by Alan Schwarz 

Who's the Best?

I have a coworker who is, at best, a casual baseball fan. As Philadelphians do, he complains about the Phillies, and regularly asks me questions like, “What’s wrong? What happened? Do they just stink?”.

It has become a secret belief of mine that long suffering fans, like Philadelphia fans of all four major sports or Red Sox fans, don’t want to hear reasons for their failures. To think that your loss is just that, a loss, subject to whims of fancy and pulled hamstrings, is disheartening-one wants sports to be less capricious than life. Better to believe that “they” are out to get you, that there’s a curse based on a goat(Cubs) or a dead player(Red Sox) or a colonial American’s statue (Phillies) than to realize that it just wasn’t your time. Studying numbers is another way of hiding from the supernatural and explaining your team’s failure. When you can look at the numbers and realize that the 2004 Phillies replaced too many Kevin Millwood and Vincente Padilla starts with Cory Lidle and Paul Abbott starts, you see that whether or not William Penn’s statue is the highest building in Philadelphia doesn’t matter. If you don’t have enough pitching, you don’t have enough wins and you don’t win the World Series. It’s harsh, but it’s the truth.

Numbers are said to be the backbone of baseball, and the study, love and, yes, passion for numbers make up the new book by Baseball America’s Alan Schwarz, The Numbers Game. Schwarz’ book is remarkable, and after seeing it recommended by Baseball Think Factory patrons, Baseball Prospectus authors, and SABR members, it proves to be a quick, enjoyable, and lovely tour through the number crunchers that have followed swiftly, pencil and scorecard in hand, whenever bat met ball. The true measure of TNG‘s greatness is the reader is left slightly sad when finally closing the cover, wishing only for more stories, more detail, and more anecdotes.

Schwarz begins at the appropriate point, the very beginning of the game’s history, with Henry Chadwick and the game’s origin in the gloveless, double digit scoring, underhand pitching of the 1850s. Naturally, Schwarz follows the thread of the game and the expanding universe of errors, home runs, and batting averages through all of baseball history until the present, with a gruesome exegesis of Grady Little, Pedro Martinez, and the 2003 ALCS Game 7 meltdown. Names like Earl Weaver and Branch Rickey, common to any history of baseball, stand side by side with relative unknowns like Allan Roth and Earnshaw Cook in this tale as each era is brought to life through the men who tried to understand the game through the numbers.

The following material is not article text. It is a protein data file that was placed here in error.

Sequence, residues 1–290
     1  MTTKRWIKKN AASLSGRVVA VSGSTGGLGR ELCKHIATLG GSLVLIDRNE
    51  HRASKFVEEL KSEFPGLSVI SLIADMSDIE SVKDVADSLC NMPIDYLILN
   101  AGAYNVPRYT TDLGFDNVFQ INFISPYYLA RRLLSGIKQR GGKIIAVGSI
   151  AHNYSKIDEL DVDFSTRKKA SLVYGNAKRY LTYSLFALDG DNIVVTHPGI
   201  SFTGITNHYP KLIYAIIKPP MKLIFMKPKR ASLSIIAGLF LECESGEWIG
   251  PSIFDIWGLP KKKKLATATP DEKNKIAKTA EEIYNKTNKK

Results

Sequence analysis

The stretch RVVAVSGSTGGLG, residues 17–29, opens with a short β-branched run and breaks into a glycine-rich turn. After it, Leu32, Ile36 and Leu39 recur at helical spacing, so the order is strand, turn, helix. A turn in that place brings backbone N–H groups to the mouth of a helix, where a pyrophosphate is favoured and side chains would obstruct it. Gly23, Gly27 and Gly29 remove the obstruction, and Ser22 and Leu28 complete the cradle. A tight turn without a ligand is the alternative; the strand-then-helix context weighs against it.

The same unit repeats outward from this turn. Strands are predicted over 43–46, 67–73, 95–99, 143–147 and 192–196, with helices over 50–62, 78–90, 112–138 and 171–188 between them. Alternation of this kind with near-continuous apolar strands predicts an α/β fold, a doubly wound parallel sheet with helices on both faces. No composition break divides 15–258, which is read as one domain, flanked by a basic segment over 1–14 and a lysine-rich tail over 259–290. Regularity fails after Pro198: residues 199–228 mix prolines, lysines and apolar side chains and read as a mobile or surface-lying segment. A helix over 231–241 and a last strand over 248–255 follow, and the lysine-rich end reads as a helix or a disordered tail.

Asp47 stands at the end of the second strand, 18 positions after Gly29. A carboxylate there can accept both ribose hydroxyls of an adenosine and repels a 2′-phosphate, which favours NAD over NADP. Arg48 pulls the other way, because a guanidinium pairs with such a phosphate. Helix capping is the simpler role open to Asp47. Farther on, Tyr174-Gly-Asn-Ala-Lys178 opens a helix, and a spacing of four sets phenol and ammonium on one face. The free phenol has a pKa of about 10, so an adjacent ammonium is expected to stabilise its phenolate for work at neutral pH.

It is truly remarkable to the modern reader to learn that military officers and neckwear salesmen were churning through homemade scoresheets and generating some of the same conclusions decades before SABR members and other baseball thinkers would unearth them. The weight of orthodoxy, and the power of truth to overcome it, runs through the pages of TNG as the same questions are asked and answered. Steal or wait for another hit? Walk the slugger or pitch to him? Bunt or not? It is also somewhat surprising to learn of the huge role tabletop baseball has played during more modern times as many current baseball personages admit to boyhood rolling of dice and scratching on scoresheets.

Perhaps the greatest enjoyment from the pages of TNG is the feeling that one gets when attending a SABR conference or stumbling across a Baseball Prospectus-the feeling that you are not alone. When night watchman Bill James self published his first Baseball Abstract, he says he calculated that, based on the people he had spoken to about it and extrapolating, that there simply had to be people who thought like he did. People who thought that it mattered whether or not Ty Cobb hit better at home, or whether or not Whitey Ford was a big game pitcher. It mattered whether or not the 1961 Yankees were a great team. And it mattered to prove these things as nearly as one could, not merely accept the word of grizzled ballplayers who say it’s so. And he learned that there were others -his small publication grew and truly started the modern field of sabermetrics.

Reading TNG, we learn that not only are there others, there always were those who not only see the beauty of a curve catching the outside corner for strike three, but those who recorded the curve in a book. Then they took the book, added the K to the thousands of others for the pitcher, the teams, the hitter, and the season. And then these others took the book, added it to the other books for the other teams and leagues and seasons and careers and decades and began to ask the questions that make the game an obsession for millions-what do we know? What can we prove? Who’s the best?  --Michael Webb

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